Executive Management and Leadership Subject Matter Expert Governance Team Member

Risk Manager Strategist Creative Problem Solver

ASIS CSO.1-2008, CSO ORG STANDARD

6. KEY RESPONSIBILITIES AND ACCOUNTABILITIES


The CSO should be a full partner in the governance infrastructure of the organization. If a comprehensive assessment of any areas of risk (as noted in the above model) supports the need for a function-specific security role, the assignment of high-level accountability better ensures an integrated security strategy, with less duplication of effort and an overall lower cost. A core responsibility for effective security is the management of effective working relationships among client groups. Front-line accountability for protecting the business should fall to the managers of each operating unit, with the appropriate organizations security function providing the risk assessment, policy, and supporting infrastructure for those managers. This model requires a senior executive in the CSO position that can lead, integrate, and enable these business lines to achieve the core business objectives of the organization. Being an effective business process enabler requires that the incumbent be a creative problem solver and a leader with business acumen who can blend common sense controls with efficient and productive business processes. It is also necessary that the incumbent bring subject matter expertise to the position. Ideally, in addition to the pure generalist or leadership qualities the CSO should possess, to be effective in the business environment (and in support of the Board Room), it is paramount that the CSO should possess on demand competencies, experiences, and advanced working knowledge of contemporary security tradecraft, practices, and applications. The CSO should be recognized and respected within the corporate structure as the executive with commensurate subject matter expertise on security matters. An effective CSO model is a hybrid that takes into consideration the incumbents combined leadership talent, business acumen (i.e., background in business or a governance function), and subject matter expertise. While it is likely that the incumbent will have come from a specialized background within the business, a governance function, or some element of the security mission, leadership of a multifaceted security program requires general business and management knowledge. In addition to this generalist knowledge, any technical or specialized attributes and skills should be given strong consideration in the selection of the CSO candidate. Ultimately, the CSOs resourcefulness and credibility within the organization, and the CSOs vision to craft an integrated, multi-faceted strategy, depends on the incumbents ability to understand, value, and articulate the varied security threats facing an organization in the context of business model impacts.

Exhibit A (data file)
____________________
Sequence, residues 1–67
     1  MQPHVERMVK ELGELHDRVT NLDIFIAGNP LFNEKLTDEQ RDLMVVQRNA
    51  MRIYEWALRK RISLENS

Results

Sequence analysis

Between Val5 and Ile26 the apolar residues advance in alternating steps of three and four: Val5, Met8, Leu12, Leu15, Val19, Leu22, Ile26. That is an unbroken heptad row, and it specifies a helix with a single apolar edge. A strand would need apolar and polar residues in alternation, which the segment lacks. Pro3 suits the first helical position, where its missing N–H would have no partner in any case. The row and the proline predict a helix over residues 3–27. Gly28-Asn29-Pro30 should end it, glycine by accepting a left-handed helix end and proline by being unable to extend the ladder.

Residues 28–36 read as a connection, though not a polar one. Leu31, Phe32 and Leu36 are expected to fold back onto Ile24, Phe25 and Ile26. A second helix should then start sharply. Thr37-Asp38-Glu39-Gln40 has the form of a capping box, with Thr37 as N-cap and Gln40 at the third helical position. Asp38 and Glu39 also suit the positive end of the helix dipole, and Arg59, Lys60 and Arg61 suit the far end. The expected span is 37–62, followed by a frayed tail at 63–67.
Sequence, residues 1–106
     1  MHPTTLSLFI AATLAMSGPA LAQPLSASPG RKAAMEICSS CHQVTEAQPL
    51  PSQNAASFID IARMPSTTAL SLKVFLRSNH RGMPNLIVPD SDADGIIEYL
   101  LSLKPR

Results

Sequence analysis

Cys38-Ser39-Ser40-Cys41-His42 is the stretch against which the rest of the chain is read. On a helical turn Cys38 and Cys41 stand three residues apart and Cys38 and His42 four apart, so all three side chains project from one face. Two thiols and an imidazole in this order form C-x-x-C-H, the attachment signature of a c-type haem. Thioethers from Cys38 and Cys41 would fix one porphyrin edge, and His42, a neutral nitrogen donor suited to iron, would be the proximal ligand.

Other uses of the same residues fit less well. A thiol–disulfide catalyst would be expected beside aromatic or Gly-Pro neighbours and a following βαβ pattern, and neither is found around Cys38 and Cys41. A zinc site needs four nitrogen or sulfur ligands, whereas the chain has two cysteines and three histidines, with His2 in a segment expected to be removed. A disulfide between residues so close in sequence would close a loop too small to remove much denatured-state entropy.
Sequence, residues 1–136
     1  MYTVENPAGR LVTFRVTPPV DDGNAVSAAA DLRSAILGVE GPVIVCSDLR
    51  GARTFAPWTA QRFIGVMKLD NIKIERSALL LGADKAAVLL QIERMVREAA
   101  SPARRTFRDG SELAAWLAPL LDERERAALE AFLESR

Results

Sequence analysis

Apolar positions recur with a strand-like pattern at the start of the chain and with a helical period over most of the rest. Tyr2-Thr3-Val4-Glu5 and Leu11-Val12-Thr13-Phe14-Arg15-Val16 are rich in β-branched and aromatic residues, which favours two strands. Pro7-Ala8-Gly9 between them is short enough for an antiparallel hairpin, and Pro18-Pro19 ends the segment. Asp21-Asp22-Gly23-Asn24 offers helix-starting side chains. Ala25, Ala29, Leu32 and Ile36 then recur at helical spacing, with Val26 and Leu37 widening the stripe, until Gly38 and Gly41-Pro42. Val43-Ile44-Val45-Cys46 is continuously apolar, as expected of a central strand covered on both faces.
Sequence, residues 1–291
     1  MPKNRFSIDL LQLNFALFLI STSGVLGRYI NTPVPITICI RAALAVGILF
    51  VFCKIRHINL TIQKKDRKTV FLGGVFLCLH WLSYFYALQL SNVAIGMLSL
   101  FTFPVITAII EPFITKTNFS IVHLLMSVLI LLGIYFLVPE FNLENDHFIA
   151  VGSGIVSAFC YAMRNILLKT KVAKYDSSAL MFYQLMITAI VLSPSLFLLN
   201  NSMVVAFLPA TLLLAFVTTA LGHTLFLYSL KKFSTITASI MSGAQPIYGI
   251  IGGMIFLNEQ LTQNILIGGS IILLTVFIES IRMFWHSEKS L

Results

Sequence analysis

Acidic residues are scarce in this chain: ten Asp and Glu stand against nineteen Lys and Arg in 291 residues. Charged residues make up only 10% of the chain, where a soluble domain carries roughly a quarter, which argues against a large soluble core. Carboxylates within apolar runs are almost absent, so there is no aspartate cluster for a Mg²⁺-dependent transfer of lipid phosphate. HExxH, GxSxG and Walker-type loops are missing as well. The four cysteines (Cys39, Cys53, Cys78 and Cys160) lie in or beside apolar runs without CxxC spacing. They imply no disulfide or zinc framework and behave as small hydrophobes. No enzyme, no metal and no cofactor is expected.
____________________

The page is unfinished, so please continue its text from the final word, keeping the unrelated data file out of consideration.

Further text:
6.1 Key Success Factors


The ability to build sustainable competitive advantages through pragmatic, innovative, and business-focused security solutions. Demonstrated integrity and the ability to maintain principles under internal and/or external pressure. High-quality analytical skills, management competencies. management experience, and exceptional relationship

Qualitative experience in strategic planning and/or policy development at a senior leadership level. 6

ASIS CSO.1-2008, CSO ORG STANDARD The ability to anticipate, investigate, influence, and assist the organization in its ability to assess and rapidly adjust to changing conditions and trends of importance (both internal and external) in light of the overall direction of the organization. Effectiveness in developing, communicating, and executing recommended courses of action for innovative, business-oriented responses. A commitment for excellence and a demonstrable orientation toward successful staff development.